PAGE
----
While they highlight that converting from LNG to ammonia is less complex than converting from fuel oil to ammonia, as many of the gas-related systems required for ammonia are already in place, the challenge becomes the fuel storage tanks. LNG tanks cannot be converted to ammonia meaning that using existing tank locations is not practical and requires preplanning for future ammonia operations during construction. The additional costs of preparing a vessel for LNG, a larger tank for ammonia operation, and then converting to ammonia make this strategy relatively expensive according to the report. However, they point to the potential fuel cost savings from operating on LNG concluding that LNG-ammonia conversions are cost-effective if the conversion takes place after eight years of LNG operation for a vessel that will maintain its operating range. 

Cost considerations vary greatly depending on the level of preparation made during the design and construction of the vessel and the type of conversion undertaken. They estimate that methanol and ammonia dual fuel newbuilds should cost approximately 11 and 16 more than a standard newbuild while the cost of conversion from fuel oil to a full range methanol or ammonia dual fuel vessel varies anywhere from 10 to 24 percent of a standard newbuild cost, depending on the level of preparation at newbuild. Converting to methanol is less expensive than converting to ammonia they note because fuel tanks can be sized for methanol during construction and used for fuel oil until the ship is converted to methanol operations.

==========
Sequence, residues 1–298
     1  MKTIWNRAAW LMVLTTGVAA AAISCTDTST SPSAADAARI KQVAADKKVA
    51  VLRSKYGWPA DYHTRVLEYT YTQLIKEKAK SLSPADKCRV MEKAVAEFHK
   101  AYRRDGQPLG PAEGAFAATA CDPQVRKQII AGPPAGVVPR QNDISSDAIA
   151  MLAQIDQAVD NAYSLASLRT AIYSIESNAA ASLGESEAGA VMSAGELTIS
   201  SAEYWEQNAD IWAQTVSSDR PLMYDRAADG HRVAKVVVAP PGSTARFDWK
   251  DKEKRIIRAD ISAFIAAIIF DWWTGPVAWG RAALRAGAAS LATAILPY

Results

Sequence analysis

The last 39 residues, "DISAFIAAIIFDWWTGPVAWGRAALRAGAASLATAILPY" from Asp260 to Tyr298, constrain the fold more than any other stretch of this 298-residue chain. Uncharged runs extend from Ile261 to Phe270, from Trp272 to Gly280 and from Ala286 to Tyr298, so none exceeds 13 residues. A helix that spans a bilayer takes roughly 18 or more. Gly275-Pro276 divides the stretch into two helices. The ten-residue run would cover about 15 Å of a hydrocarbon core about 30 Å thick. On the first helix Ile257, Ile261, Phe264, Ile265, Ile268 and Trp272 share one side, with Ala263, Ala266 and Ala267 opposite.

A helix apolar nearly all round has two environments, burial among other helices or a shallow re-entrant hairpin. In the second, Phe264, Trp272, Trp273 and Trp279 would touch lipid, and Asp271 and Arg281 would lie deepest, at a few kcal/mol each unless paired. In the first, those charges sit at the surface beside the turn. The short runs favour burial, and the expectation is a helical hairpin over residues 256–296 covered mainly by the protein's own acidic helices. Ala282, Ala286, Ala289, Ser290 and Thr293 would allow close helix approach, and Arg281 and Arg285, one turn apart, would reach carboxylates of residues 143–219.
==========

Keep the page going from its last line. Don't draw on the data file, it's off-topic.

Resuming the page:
The cost of taking steps to prepare a vessel for a future conversion from LNG to ammonia during construction could add as much as seven percent to the building costs. Conversion costs would be approximately eight percent of the LNG newbuild and this compares with up to a third for a standard fuel oil newbuild cost. The vessel’s lifetime economics however are also impacted by the number of years it operates before the conversion is undertaken. 

The Mærsk Mc-Kinney Møller Center for Zero Carbon Shipping’s goal is to provide a detailed analysis of the considerations to help shipowners make critical decisions to speed decarbonization. They believe that with careful consideration and planning that the conversion of in-service vessels will be viable meaning that decarbonization goals can be reached before a total fleet wide replacement could be completed or creating stranded assets.

The complete report is available online.